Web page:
At 2:50 PM on 11/18/15 nursing assistant (NA) #5 stated for a couple of weeks before Resident #287 went out to hospital on [DATE] the resident had some hallucinations, moaned, reported she wanted to get out of the facility, and more frequently tried to do unsafe things like get up unassisted. During this same time period the NA commented the resident would say she had to go to the bathroom, and then be unable to urinate, complaining of feeling pressure. According to the NA, she also recalled the resident having brown/gray stains in her brief for a couple of weeks, but she felt this might not have been unusual for the resident. The NA also reported she thought she remembered the resident having cloudy urine, an isolated elevation in temperature, and some complaints of abdominal pain 2 – 5 day before the 05/08/15 hospitalization. She commented she was told by family members that the resident had a past history of UTIs, and her family was concerned that she was going through the same thing again.
At 4:30 PM on 11/18/15 Nurse #5 stated for a couple of weeks before her 05/08/15 hospitalization Resident #287 seemed more confused, was less able to do things for herself, and was falling more frequently. She reported she was unsure about any changes in the resident’s urination during this time period. However, she commented she recalled the family having concerns saying they thought the resident was exhibiting signs and symptoms of a UTI, and they were getting more aggravated because the resident’s doctor was not responding. Nurse #5 commented delays of a week or longer were not uncommon after faxing physicians about changes in resident condition or about concerns with resident health. She explained that about all you could do about the delay was call the physician office and talk to nurses who would say they had already passed the information on to the physician.
At 3:35 PM on 11/19/15 the director of nursing (DON) stated there were two ways to communicate changes in resident condition to the primary physician. She explained if the change seemed urgent nurses could page physicians or physician assistants, and if the change was not urgent and a reply within 1 – 2 days was acceptable then a communication form could be faxed or placed in the physician communication book. She reported staff usually called Resident #287’s primary physician since he only had 2 or 3 residents in the building. She commented he was not in the building much more than once a month when he attended quality assurance (QA) meetings. According to the DON, there was a folder at the nurse’s station where communication forms that had been faxed to physicians were kept. She stated she expected the nursing staff to check the folder the next day after the initial fax to make sure a response had been obtained. If there was no response, she reported the nurse was supposed to call the physician office. If the nurse was unable to get a response from the physician after the phone call, then the nurse was supposed to take the matter to the unit or clinical coordinator who would then take over the responsibility of obtaining a response. The DON stated waiting almost two weeks to get antibiotic orders for someone exhibiting definitive symptoms of a UTI was too long. She commented in that amount of time the resident should have already completed antibiotic therapy and been free of painful UTI symptoms.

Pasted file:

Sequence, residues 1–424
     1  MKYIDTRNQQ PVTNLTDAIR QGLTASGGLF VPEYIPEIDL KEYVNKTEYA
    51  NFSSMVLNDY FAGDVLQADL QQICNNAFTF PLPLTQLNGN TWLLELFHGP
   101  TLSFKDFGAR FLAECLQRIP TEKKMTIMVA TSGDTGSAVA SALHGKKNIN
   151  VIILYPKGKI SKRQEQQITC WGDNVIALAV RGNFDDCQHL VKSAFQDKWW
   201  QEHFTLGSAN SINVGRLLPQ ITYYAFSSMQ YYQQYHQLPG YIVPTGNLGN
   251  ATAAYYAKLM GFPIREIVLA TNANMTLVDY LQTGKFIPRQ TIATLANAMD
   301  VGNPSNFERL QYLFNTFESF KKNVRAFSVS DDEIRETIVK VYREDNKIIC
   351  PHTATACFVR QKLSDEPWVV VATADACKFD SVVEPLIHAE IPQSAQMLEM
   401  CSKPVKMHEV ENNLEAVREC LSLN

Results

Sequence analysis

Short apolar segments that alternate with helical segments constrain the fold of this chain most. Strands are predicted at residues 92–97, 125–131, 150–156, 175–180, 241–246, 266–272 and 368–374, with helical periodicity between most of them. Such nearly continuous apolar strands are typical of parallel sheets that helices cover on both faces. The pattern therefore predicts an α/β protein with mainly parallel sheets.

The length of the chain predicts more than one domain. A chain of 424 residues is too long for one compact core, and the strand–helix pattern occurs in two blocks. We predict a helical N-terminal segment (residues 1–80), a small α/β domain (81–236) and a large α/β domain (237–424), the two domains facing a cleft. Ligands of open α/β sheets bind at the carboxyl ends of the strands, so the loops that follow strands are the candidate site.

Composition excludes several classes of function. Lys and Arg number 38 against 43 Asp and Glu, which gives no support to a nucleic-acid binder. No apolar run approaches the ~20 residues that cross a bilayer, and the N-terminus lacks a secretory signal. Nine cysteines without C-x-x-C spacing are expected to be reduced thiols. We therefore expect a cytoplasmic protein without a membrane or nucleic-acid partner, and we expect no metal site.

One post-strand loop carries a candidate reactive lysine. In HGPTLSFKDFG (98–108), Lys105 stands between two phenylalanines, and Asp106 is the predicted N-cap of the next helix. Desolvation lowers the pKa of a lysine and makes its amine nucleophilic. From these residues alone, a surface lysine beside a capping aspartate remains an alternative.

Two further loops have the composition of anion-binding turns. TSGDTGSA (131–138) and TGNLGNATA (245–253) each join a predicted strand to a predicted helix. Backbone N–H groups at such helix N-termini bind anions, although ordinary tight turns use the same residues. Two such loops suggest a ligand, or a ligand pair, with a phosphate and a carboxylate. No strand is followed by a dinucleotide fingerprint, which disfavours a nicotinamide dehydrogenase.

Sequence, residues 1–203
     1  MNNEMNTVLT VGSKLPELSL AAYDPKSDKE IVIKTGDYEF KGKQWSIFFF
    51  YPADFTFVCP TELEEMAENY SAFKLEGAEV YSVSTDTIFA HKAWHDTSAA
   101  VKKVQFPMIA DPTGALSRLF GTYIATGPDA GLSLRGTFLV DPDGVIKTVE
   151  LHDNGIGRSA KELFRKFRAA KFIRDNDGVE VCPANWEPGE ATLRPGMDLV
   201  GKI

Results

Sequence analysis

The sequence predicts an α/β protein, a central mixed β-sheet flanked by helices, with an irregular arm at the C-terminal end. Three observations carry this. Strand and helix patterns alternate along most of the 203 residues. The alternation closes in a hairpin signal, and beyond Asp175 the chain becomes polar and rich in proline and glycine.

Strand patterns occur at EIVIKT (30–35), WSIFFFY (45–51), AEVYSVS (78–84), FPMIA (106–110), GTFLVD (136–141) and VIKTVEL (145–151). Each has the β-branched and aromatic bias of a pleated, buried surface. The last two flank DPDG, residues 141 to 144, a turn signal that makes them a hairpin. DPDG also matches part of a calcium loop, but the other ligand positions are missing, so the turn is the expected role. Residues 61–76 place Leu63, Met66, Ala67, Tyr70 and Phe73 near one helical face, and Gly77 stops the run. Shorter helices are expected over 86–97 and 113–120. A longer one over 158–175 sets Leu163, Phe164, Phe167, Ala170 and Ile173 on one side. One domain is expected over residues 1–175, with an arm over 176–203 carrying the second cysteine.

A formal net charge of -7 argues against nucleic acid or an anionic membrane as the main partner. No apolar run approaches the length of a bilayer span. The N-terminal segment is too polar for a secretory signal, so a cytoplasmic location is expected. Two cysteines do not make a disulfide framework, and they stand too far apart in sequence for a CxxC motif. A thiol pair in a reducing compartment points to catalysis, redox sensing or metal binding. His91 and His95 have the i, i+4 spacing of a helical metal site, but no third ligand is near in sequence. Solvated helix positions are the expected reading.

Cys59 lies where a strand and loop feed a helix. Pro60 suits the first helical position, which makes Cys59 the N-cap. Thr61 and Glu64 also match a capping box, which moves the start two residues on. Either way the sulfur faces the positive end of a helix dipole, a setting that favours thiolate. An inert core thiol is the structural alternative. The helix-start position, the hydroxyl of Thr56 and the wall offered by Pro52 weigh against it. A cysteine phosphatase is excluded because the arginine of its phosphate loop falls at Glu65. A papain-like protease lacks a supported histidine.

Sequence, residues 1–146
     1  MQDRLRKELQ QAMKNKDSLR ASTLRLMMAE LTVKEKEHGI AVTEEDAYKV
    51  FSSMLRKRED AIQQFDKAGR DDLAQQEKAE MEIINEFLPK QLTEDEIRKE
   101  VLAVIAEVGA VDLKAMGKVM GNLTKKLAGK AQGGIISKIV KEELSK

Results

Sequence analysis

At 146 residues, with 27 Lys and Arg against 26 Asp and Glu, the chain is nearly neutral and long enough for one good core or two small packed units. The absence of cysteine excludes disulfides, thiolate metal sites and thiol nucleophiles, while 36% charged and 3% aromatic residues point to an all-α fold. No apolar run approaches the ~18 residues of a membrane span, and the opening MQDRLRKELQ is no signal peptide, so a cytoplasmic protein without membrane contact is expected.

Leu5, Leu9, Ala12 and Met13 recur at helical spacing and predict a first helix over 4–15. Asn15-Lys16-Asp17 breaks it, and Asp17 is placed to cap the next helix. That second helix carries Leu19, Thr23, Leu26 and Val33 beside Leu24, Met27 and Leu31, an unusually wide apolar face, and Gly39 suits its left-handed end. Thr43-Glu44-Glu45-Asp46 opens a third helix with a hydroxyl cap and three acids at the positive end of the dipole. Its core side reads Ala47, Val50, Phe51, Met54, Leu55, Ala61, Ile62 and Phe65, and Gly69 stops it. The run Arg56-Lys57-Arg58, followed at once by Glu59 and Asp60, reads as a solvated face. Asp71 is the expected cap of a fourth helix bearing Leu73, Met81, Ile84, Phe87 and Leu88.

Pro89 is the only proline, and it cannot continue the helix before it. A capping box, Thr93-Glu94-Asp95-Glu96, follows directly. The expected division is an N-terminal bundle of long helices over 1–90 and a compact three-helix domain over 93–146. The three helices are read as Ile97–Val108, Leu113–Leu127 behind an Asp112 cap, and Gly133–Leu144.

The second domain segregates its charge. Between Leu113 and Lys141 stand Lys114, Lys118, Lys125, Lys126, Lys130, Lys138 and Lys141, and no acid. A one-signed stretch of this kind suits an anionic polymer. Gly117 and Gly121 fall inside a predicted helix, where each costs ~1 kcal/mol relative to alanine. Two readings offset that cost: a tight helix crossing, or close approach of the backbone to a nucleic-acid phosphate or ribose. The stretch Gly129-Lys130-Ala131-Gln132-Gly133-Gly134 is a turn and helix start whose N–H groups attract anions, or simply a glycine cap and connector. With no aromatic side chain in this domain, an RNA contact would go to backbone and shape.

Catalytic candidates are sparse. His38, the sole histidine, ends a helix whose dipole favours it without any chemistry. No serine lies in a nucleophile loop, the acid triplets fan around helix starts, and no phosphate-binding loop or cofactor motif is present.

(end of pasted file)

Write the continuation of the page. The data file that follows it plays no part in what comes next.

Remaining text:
Personal Note from NHA-Advocates: NHAA shares with all the families of loved ones who are confined to nursing homes the pain and anguish of putting them in the care of someone else. We expect our loved ones to be treated with dignity and honor in the homes we place them. We cannot emphasize enough to family members of nursing home residents; frequent visits are essential to our loved ones’ well-being and safety. This nursing home and many others across the country are cited for abuse and neglect.